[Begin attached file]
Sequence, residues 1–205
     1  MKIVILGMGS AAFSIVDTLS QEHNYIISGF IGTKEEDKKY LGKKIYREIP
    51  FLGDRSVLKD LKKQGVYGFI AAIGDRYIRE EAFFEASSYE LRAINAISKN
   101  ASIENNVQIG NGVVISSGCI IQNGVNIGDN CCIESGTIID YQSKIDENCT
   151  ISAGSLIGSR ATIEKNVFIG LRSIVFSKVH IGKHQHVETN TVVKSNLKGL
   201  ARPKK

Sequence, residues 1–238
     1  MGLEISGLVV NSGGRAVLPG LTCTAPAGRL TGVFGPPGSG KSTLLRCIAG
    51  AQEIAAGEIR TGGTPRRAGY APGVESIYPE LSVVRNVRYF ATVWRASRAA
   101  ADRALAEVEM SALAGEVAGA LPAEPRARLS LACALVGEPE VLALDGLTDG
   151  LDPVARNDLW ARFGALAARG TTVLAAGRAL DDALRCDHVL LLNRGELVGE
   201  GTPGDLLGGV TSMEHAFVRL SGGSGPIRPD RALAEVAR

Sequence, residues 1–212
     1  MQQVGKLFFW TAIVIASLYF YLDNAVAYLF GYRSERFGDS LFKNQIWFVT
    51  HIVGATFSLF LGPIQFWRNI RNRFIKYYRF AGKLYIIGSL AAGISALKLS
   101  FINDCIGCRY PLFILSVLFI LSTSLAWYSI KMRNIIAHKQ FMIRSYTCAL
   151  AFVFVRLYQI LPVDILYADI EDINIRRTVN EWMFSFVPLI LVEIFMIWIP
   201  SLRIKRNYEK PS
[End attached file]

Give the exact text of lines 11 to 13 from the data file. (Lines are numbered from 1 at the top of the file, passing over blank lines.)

   151  LDPVARNDLW ARFGALAARG TTVLAAGRAL DDALRCDHVL LLNRGELVGE
   201  GTPGDLLGGV TSMEHAFVRL SGGSGPIRPD RALAEVAR

Sequence, residues 1–212